As part of the campaign against betting, the left liberal puritans have managed to force the British authorities into an ongoing review of gambling legislation which the puritans hope will both severely limit how much and how people can bet, and with the long term objective that this will cripple the horse racing sector itself.  As it would.  

Among the proposals are that there ought to be “affordability” checks on how much someone can deposit into their accounts, as well as those that would limit the size and frequency of bets. Some of this has already been implemented by bookmaking firms; cynically some might argue given that as anyone who makes a few Euro from betting knows bookies have always arbitrarily limited or even banned punters who are ignorant of the “bookies always wins” adage.  

One of the rationales for this proposed state interference with what a person does with their own money is that this is part of “helping” people who are unable to win or to stop betting when they lose. A Dublin city councillor gave as his reason for wanting to ban bookies shops that his own brother lost money betting. Seriously,  so we ban pubs because some people cannot control their drinking? Or cake shops because people eat too much cake? Or cars because there are accidents (apart altogether from destroying the planet)?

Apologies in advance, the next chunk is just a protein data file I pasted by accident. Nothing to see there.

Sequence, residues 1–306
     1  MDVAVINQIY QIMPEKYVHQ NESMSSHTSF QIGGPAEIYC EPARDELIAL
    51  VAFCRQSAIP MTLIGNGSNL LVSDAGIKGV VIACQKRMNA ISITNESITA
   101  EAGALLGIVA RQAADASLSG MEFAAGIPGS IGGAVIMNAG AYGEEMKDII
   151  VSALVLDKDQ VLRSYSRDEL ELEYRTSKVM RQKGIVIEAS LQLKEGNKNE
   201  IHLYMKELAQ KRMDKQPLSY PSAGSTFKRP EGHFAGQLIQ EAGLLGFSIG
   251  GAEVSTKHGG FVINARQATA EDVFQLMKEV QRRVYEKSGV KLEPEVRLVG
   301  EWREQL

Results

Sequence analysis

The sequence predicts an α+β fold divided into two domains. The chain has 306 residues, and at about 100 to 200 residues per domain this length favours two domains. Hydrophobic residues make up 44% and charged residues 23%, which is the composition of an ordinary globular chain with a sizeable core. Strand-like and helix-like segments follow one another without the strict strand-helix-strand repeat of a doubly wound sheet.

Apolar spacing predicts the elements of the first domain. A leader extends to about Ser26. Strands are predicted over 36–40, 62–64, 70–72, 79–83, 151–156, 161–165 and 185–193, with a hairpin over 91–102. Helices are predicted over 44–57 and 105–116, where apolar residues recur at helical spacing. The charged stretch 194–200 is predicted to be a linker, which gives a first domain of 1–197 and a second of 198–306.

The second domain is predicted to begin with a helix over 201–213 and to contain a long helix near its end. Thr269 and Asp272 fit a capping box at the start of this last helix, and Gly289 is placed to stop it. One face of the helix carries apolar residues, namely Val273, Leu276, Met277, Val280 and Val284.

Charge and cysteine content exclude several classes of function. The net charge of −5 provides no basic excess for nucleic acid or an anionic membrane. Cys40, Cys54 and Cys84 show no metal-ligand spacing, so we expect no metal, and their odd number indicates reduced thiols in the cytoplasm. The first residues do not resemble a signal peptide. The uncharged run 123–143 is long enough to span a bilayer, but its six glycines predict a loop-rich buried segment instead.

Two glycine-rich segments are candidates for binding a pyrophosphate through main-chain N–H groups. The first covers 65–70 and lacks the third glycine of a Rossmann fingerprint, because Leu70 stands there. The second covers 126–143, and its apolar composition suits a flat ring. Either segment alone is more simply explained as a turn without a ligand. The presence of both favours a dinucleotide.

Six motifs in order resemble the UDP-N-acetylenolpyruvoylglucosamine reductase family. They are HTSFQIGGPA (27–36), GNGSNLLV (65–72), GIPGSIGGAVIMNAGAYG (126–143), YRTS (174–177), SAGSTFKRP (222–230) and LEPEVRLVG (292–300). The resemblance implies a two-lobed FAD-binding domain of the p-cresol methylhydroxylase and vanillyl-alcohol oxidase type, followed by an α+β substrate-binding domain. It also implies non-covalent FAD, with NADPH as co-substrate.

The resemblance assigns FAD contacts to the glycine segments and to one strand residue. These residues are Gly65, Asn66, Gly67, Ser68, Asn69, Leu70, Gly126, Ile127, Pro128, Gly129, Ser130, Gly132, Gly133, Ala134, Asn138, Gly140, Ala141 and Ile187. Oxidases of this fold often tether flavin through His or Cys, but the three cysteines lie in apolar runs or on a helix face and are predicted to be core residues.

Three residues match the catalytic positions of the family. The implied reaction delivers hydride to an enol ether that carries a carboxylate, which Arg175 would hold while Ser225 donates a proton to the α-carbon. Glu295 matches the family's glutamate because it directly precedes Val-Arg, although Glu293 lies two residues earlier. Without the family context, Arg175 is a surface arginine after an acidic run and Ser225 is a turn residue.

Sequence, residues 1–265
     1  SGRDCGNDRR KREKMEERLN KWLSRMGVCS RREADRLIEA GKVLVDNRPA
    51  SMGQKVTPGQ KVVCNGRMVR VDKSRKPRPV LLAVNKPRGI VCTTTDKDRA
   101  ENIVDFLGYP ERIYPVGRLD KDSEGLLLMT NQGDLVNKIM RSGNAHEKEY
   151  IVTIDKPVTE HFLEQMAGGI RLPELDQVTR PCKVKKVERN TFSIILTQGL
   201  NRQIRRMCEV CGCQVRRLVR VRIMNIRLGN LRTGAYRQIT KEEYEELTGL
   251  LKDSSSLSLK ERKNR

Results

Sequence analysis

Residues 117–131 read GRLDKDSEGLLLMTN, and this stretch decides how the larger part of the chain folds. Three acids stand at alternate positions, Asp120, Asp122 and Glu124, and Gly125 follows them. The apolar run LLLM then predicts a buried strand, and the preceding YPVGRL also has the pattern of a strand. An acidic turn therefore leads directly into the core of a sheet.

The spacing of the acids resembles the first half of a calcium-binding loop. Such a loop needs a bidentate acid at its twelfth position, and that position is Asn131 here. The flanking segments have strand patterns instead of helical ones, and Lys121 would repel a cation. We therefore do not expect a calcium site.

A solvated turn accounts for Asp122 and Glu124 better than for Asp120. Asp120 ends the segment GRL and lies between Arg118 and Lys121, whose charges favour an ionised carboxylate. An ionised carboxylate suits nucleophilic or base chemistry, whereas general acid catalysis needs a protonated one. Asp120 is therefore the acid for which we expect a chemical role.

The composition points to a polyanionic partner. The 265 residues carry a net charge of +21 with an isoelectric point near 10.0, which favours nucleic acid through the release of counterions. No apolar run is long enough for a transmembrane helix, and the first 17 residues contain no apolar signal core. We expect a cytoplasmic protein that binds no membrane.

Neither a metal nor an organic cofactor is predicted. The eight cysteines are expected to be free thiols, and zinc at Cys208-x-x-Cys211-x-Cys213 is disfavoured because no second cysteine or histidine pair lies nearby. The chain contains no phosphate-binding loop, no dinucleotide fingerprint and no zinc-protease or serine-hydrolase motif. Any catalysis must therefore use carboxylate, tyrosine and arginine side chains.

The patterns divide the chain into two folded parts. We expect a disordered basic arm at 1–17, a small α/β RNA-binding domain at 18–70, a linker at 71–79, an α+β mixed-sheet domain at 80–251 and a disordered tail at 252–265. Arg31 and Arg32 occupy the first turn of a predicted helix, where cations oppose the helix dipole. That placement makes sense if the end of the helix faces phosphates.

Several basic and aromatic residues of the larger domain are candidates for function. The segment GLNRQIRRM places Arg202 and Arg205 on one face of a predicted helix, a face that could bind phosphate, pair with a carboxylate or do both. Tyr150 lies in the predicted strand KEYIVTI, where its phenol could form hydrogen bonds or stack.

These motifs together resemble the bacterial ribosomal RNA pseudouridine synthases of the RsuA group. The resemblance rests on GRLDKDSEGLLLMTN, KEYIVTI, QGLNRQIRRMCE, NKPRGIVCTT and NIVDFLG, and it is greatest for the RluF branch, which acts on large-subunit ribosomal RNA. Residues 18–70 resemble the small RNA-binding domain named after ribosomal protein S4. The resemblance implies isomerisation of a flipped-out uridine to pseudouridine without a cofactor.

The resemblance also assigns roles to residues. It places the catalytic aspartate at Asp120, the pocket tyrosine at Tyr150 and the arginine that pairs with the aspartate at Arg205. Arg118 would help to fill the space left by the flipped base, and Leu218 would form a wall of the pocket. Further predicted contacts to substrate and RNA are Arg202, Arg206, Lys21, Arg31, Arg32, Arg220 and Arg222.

Or maybe hurling because a lad broke his thumb in the Junior B final, and what is more was so f***ing upset over it that he put his wages on a losing dog in the 6.11 at Romford, spent the rest on a litre bottle of vodka, and went home and ate the whole of the black forest gateaux that his mother had made for her sister coming back from Lourdes. Selfish b***ard.

The subtext of all the nanny statism directed at betting, drinking, eating, etc, etc, is of course the absolute belief on the part of those wishing to tell others how to live their lives that they know better than those they want to do their bidding.  It is also of course no coincidence that most of the nanny staters similarly disapprove of free enterprise, which of course is based fundamentally on risk. 

Not surprisingly, they appear far more sympathetic to Big Corporate Capital which has by and large eliminated risk – or managed to “socialise” any potential risk as we pixie headed bank bailer outers know to our cost – than they are to the man or woman or group of men and women who set up their own business.  Proof of that being the naked hatred deployed against small business people and the self-employed who transgressed against the Covid bans.

So when they want to ban horse racing, it is merely another arrow in their quiver to be aimed at stuff they disapprove of and which they want to stop anyone else enjoying.  Freedom especially, always with the destroying freedom……